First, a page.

In modern metalcore, the generic breakdown as we know it seems to be close to extinction. But the way you recognize a good one remains unchanged—it’s when you sense the ultimate release of anticipation approaching, yet it still catches you by surprise.

Hold your breath and get ready to headbang to some of the best breakdowns in 2020 so far.

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Code Orange – “Swallowing The Rabbit Whole”

Code Orange’s Underneath is a transgressive masterpiece that cuts through multiple sound and style realms. And so is “Swallowing The Rabbit Whole,” a loopy and mind-boggling synthesis of thrash-metal drive, progressive riffs, djenty groove and industrial harshness. A supercharged, glitchy breakdown erupts roughly one minute before the end of the track, mirroring and deconstructing the dominant riff. The breakdown marks a temporary closure to the whole only to rise again, like a futuristic mechanical phoenix, at the start of the following song.

Polaris – “Pray For Rain”

Beauty lies in simplicity. Right? Sometimes. But how about musicians who are able to create the most complex material and make it sound free-flowing and simple? That’s the kind of extraordinary beauty that shines in the breakdown in “Pray For Rain.” Here, Polaris handle syncopated rhythms and radiantly embellished guitar layers with an almost easycore approach. This sets the tone for The Death Of Me—melancholic yet persistent with a vividly expressed constant of light.

Sharptooth – “153”

A high-energy, hardcore punk-leaning feminist power anthem, “153” is a true standout on Sharptooth’s latest album Transitional Forms. Storming toward the peak point with fast riffs and Lauren Kashan’s heavy metal-esque clean vocals, the track takes an unexpected turn at the second half. Kashan’s gradually angrier singing changes into a prolonged scream as the tempo abruptly drops and fast guitar riffs get transformed into unsettling high-pitched squeals. With that comes a heavy, chugging breakdown—both the ending point and the culmination of the track.

Pressure Cracks – “Big T Youth”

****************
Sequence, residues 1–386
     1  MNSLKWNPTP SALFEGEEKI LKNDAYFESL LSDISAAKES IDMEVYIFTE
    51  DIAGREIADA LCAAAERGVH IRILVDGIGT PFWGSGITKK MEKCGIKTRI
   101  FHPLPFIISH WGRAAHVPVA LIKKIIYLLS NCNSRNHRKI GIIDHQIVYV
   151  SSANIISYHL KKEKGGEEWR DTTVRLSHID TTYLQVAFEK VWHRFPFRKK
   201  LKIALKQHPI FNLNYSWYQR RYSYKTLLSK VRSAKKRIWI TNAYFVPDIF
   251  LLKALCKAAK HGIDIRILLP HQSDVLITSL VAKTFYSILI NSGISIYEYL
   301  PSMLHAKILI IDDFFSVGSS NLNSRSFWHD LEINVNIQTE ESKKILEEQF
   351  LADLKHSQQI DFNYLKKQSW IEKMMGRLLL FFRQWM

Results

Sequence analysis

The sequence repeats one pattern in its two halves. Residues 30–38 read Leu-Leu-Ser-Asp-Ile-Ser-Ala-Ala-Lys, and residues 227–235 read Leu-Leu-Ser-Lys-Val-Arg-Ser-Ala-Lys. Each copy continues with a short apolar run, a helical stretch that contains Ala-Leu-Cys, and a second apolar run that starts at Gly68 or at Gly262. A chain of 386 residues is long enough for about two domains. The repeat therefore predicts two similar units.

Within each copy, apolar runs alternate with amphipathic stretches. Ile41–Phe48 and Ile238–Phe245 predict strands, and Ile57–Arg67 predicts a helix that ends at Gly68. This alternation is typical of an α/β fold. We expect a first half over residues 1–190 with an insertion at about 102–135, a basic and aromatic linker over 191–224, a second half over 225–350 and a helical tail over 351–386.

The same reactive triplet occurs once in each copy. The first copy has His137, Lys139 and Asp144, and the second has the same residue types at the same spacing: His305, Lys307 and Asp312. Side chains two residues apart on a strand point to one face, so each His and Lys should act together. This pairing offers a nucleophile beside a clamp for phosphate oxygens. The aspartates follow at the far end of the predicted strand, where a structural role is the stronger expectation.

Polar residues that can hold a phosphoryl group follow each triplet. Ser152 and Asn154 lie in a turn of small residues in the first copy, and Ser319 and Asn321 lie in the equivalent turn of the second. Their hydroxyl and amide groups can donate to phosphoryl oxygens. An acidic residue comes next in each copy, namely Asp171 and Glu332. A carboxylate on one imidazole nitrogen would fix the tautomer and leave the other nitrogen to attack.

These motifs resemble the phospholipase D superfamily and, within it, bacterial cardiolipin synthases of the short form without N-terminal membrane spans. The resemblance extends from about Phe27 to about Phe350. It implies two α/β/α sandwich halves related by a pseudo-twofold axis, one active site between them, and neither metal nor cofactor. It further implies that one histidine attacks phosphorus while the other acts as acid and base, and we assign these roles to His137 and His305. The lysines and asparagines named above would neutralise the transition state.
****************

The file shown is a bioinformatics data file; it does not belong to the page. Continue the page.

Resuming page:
Whether it’s fast-as-hell hardcore punk, forward-rushing thrashy riffing or melodic passages, Pressure Cracks have the unique ability to tear all of that apart when you least expect it. “Big T Youth,” the closing track on their This Is Called Survival EP, is an excellent instance of that. The breakdown comes early in the track, allowing Jason Aalon Butler to push his outrageous vocal performance to the edge. Later on, primed by prebreakdown callout moments or pauses, you might expect another breakdown to happen. But things just keep moving forward.

Spiritbox – “Blessed Be”

In “Blessed Be,” Spiritbox smoothly traverse from one emotional note to another. The single opens with grand djenty riffs only to be replaced by synth atmospheres and a melodic, progressive theme with Courtney LaPlante’s enchanting clean singing. Later on, the atmosphere thickens, followed by a slowdown that interrupts the poppy flow of the song and clears the stage for a massive, dissonant breakdown layered with growls and screams. And then, completely unexpectedly, the melodic chorus returns like nothing even happened.

END – “Absence”

Ready for some black metal...core? Well, ready or not, END are here to arrest your mind with electric blast beats and ghostly screams in “Absence.” Soon enough, though, the supergroup ditch the bleak vibe and proceed with metallic hardcore-punk style, as if it was as easy as flipping a coin. This duality is crowned with a dense and majestic closing breakdown that will make you go back to the start of the track to figure out how they got there in three-and-a-half minutes.

Crystal Lake – “Disobey”

If you have a thing for jaw-dropping opening riffs, you might entirely lose yours for the one on “Disobey” by Crystal Lake. And then lose it again when the two-folded breakdown, essentially a transformed, inverted version of that riff, comes right after the command “Disobey!” and proceeds with a rapid scream blast beat exchange. Before you realize what just happened, you’ll find yourself in a pitch-black ambiance of mumbled chants, scattered screams and doomy guitars.